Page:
Stories and Films Have (No) Boundaries
Study on the Programming Diversity of the Berlin International Film Festival (1980–2016)
Based on the assumption that film festivals have become a “key force” and “power grid” in the production, distribution, and reception processes of movies (Elsaesser 2005; cf. De Valck/Kredell/Loist 2016), this study exemplarily examines the diversity of the Berlin International Film Festival’s program over the last 37 years. Without any doubt, especially major competitive film festivals (such as Cannes, Venice, Shanghai, or, significantly, Berlin) play a substantial role in defining film culture by cultivating notions of quality, taste, and meaning. Moreover, given the exponential increase in the annual film production, these festivals must be considered as important steering instruments in film trade and policy, since they decide via their curatorial mechanisms which films the distributors see and possibly buy, and therefore, which filmic oeuvres are allowed to get public attention on the local and global screen.
With more than 400 films in the yearly program, nearly half a million tickets sold, over 16,000 accredited visitors from 122 countries and about 3,800 journalists from 86 countries (figures from 2016), the Berlinale stresses the societal, cultural and economic plurality as a guiding principle of its annual film selection. Following this awareness, a quantitative analysis of the Berlinale programme from 1980 to 2016, focusing on criteria such as origin, gender, age, and socialization, was just published by a Munich-based research team. The sample includes all short to feature films presented across the festival’s six major sections (Competition, Panorama, Forum, Generation, Perspective German Cinema, Lola@Berlinale) from 1980 to 2016 (n=10,024).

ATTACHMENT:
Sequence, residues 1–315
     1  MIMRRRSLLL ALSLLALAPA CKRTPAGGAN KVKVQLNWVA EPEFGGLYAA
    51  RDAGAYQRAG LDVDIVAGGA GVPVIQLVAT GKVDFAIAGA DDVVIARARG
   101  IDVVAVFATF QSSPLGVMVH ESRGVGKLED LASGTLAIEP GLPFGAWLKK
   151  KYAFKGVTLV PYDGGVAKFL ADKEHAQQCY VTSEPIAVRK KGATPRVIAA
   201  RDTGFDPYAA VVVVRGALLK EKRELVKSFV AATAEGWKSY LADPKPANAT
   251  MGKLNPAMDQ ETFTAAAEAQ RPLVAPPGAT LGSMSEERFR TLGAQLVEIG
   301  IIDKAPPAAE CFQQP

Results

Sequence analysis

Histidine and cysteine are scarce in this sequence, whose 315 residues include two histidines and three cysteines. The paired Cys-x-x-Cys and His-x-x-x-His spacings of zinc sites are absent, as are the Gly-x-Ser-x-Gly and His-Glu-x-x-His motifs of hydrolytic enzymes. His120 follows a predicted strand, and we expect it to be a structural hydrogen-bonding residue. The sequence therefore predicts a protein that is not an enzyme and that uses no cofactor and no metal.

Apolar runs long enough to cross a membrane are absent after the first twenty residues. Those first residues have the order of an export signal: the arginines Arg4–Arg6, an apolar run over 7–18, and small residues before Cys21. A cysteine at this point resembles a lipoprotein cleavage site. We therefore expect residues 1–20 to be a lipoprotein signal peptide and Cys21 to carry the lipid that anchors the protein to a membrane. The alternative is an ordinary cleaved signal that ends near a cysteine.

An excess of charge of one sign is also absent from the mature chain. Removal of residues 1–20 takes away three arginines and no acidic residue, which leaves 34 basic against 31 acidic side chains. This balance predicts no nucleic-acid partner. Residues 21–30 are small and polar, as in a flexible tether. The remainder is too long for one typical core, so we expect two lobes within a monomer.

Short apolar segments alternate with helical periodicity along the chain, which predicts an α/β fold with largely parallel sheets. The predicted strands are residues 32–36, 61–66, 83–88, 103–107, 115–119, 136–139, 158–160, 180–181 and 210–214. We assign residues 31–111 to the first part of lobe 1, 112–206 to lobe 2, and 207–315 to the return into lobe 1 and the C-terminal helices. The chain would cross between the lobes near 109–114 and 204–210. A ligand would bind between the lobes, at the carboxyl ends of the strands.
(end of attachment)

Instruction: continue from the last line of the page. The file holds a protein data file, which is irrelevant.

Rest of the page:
The complete study is available for download at: www.filmfestival-studien.de